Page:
Laws governing spousal support, often called alimony, differ by state and circumstances of the couple going through a divorce or legal separation. Different types of alimony depend upon specific circumstances of partners ending the relationship. Spousal support might be limited to a defined period of time, be awarded on a permanent basis, as reimbursement, or in a lump sum. In some states, the law applies to traditionally married couples and couples who live together. If a couple cannot come to a mutual agreement on alimony, the issue usually goes to court.
Temporary alimony, also called rehabilitative spousal support, can be sought during the time a couple is separated and before the divorce is final. Alimony payments could continue after the divorce has been finalized if a court determines one spouse needs financial help while obtaining training or education to become self-supporting. A time limit on the duration of support may or may not be included in an order for temporary spousal support. This form of alimony often undergoes periodic reviews.
The courts consider several criteria when ordering alimony, using the Uniform Marriage and Divorce Act as a guideline. Judges look at how long the marriage lasted, the age of each spouse, and the physical and emotional state of each partner. They determine if a person can afford to pay alimony and still provide support for himself based on the standard of living during the marriage.
In many cases, alimony is paid to the parent caring for young children. The law does not specify when these payments should end, but the accepted standard assumes the stay-at-home parent will seek employment when a child attends school full time. In the past, alimony almost always went to mothers who did not work outside the home. As more women entered the workforce and fathers took over child care duties, alimony sought by men become more common.
Permanent alimony is considered rare and continues over the lifetime of the recipient or until he or she remarries. The amount of payments could increase or decrease with changing circumstances. For example, if the either spouse begins earning more or less, the terms of alimony might change. Retirement, medical bills, or an inheritance could factor into a judge’s decision to alter support payments. In some cases, permanent alimony continues after death and payments go to the deceased’s estate, especially when a former spouse is elderly or disabled when the divorce occurs.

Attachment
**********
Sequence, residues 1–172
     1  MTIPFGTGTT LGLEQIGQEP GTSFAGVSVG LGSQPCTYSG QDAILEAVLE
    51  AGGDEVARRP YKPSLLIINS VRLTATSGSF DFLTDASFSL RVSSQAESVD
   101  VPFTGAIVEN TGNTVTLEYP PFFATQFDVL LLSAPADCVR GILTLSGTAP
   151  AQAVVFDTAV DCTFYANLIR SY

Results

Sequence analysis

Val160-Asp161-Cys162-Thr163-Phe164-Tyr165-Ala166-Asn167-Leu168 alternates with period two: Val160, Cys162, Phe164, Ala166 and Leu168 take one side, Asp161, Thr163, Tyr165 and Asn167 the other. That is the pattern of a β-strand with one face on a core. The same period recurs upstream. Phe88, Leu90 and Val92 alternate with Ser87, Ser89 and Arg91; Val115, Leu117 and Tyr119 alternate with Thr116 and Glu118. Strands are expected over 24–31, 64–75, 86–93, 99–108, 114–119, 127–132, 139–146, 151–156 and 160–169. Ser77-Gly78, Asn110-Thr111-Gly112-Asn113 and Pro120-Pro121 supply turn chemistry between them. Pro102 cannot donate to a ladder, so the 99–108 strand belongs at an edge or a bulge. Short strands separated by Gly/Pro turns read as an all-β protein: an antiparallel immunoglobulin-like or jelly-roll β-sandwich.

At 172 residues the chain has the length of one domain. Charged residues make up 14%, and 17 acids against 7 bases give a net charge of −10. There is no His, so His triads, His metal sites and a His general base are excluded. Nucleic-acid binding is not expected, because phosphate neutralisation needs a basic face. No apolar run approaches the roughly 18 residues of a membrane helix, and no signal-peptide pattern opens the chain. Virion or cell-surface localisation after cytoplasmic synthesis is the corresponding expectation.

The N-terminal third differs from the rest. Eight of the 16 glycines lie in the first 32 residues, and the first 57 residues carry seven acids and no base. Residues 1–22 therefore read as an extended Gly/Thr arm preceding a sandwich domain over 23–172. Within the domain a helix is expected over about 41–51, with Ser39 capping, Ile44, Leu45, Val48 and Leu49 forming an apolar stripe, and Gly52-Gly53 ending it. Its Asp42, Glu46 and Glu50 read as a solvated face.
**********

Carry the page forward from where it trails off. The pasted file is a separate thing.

Reimbursement alimony aims to repay one spouse for a disproportionate share of expenses during the marriage. This form of spousal support might apply if one partner works to provide for the family while the other spouse attends college. Judges look at contributions from the working spouse and the timing of the divorce. Alimony in these cases might consist of monthly cash payments or an award of property.
Couples who choose a lump sum payment to satisfy spousal support requirements usually select this option for tax advantages to one partner. Lump sum payments often settle a divorce without splitting up property acquired during the marriage. This form of support is valid even if the spouse who receives later remarries.
Alimony laws were enacted to promote economic equity and fairness when a couple divorces. Spousal support might be awarded if one partner can show undue hardship and the inability to subsist without alimony. All three forms of alimony—temporary, permanent, or lump sum—could be ordered by a judge.